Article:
By Rachel Brown Hackney
New trolley operator to come on board
On July 10, as part of their Consent Agenda of routine business items, the county commissioners approved a contract with C.P.R. Medical Transportation LLC of Washington, D.C., for the continued operation of the trolley.
The bid amount totaled $3,934,178 for three years, according to a memo from Rob Lewis, interim director of Sarasota County Area Transit (SCAT). The contract may be renewed for up to two additional one-year periods.
On Feb. 28, 2017, the board approved a contract with Ride Right Transit for six months, with options to renew for another six-month period and then month-to-month extensions for no more than six additional months, Lewis pointed out. As staff waited on a new solicitation for the service to be put out for bid, he added, the term contract with Ride Right was extended through Aug. 28.
On March 30, the county advertised for bids. Ride Right — which is based in Lake St. Louis, Mo. — and C.P.R. Medical Transportation were the only two companies that responded, based on a document included in the July 10 commission meeting packet.
Ride Right bid $1,352,131.67 per year, while C.P.R. Medical Transportation bid $1,185,913.29 a year.
After reviewing the responses, Lewis wrote in his memo, the county Procurement Official signed a Notice of Recommended Award on May 3, identifying C.P.R. Medical Transportation as the “lowest responsive and responsible bidder,” as the county’s terminology goes in procurement matters.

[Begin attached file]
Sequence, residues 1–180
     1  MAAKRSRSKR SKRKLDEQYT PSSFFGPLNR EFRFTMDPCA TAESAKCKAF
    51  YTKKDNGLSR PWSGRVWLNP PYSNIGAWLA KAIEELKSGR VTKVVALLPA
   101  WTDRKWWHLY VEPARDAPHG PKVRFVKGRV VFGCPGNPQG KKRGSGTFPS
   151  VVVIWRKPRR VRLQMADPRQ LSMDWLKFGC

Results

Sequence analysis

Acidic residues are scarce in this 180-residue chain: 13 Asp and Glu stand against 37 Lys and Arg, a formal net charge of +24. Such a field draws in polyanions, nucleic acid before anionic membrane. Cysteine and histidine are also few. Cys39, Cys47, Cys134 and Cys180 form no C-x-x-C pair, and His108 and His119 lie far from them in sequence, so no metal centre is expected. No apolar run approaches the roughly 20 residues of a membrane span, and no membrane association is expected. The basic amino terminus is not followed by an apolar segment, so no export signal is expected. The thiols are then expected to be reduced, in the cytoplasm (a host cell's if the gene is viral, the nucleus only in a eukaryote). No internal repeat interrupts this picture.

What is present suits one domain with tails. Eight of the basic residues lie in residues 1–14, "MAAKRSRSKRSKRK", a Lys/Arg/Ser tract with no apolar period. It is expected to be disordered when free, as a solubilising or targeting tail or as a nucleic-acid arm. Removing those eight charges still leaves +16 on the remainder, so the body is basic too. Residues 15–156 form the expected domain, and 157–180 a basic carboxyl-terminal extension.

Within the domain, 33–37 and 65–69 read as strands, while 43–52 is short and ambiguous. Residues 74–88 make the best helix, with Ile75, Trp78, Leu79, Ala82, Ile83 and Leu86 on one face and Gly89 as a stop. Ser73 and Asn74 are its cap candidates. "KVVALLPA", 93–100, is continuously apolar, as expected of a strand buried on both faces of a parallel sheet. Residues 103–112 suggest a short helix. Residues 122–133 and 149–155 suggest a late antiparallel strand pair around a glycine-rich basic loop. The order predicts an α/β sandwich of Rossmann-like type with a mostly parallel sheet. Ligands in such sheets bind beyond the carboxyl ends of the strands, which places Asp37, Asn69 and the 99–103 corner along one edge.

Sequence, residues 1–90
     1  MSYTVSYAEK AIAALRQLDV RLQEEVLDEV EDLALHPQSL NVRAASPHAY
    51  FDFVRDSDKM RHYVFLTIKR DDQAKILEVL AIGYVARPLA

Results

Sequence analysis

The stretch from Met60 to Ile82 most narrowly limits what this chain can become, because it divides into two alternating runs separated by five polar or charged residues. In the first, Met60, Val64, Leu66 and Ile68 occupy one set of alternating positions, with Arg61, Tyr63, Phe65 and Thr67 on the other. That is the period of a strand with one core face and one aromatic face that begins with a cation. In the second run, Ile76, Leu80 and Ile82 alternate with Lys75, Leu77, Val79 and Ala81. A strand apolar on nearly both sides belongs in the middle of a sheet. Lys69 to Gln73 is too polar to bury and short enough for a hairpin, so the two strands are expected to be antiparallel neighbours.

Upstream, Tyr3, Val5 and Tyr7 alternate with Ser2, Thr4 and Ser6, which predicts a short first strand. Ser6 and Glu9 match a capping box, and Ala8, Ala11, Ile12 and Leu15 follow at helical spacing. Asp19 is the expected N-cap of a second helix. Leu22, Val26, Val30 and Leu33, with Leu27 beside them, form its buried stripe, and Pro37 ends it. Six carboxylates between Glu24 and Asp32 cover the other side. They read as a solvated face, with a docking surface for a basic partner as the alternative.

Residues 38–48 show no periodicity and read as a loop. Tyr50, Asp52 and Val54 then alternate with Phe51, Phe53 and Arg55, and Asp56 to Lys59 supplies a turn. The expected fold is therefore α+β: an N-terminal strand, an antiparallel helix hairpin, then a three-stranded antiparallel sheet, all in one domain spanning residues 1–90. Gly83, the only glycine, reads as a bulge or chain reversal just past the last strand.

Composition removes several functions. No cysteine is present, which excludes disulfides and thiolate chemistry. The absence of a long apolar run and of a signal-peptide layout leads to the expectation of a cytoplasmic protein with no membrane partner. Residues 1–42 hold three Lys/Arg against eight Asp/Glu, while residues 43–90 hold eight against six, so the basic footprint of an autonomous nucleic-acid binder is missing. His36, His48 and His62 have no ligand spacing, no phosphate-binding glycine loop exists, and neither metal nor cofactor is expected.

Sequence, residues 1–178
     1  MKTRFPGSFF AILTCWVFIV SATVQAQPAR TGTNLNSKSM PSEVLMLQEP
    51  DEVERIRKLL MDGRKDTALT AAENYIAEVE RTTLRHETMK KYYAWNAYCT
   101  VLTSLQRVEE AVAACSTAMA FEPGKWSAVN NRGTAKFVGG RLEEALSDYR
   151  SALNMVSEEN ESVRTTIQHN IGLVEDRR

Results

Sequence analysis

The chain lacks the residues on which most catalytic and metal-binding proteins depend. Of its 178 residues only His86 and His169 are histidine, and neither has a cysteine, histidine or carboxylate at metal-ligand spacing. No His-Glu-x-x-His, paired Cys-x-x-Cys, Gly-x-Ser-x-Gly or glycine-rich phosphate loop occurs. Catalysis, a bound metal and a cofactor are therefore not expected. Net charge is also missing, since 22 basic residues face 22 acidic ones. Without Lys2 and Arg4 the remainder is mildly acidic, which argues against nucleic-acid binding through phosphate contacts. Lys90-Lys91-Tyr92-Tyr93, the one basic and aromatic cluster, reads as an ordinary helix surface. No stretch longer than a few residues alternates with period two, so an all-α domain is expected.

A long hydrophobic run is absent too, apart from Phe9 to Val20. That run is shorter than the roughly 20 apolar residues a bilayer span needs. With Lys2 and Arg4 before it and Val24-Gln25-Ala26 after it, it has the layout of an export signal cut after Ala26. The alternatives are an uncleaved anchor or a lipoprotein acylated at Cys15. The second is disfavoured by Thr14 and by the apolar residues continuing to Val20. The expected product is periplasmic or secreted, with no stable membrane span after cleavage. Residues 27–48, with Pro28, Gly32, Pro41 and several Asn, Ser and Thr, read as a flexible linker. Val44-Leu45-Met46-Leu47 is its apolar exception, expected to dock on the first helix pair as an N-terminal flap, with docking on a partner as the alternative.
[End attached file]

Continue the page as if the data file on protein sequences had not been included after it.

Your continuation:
In his memo, Lewis also pointed to the success of the Siesta Key Breeze. In March of this year, he wrote, the trolley recorded its highest ridership level since it was launched on March 20, 2017: The Breeze had a total of 36,195 passengers.
“Passenger ridership per hour and cost per passenger data has supported [the Florida Department of Transportation’s] continued funding of the Siesta Key open-air circulator service with block grant funding,” Lewis noted.
Charlene Ross, the transit projects coordinator for the Florida Department of Transportation (FDOT), wrote SCAT staff a letter on May 3, concurring with the proposal to award the bid to C.P.R. Medical Transportation.
On May 8, the County Commission voted unanimously to approve a new agreement with FDOT to fund a portion of the trolley’s operating expenses through Dec. 31, 2019, Lewis noted.
When SCAT contacted to ask about the June ridership figure for the Breeze, Kendra Keiderling reported that it was 20,044. Keiderling is SCAT’s marketing, outreach and customer service supervisor.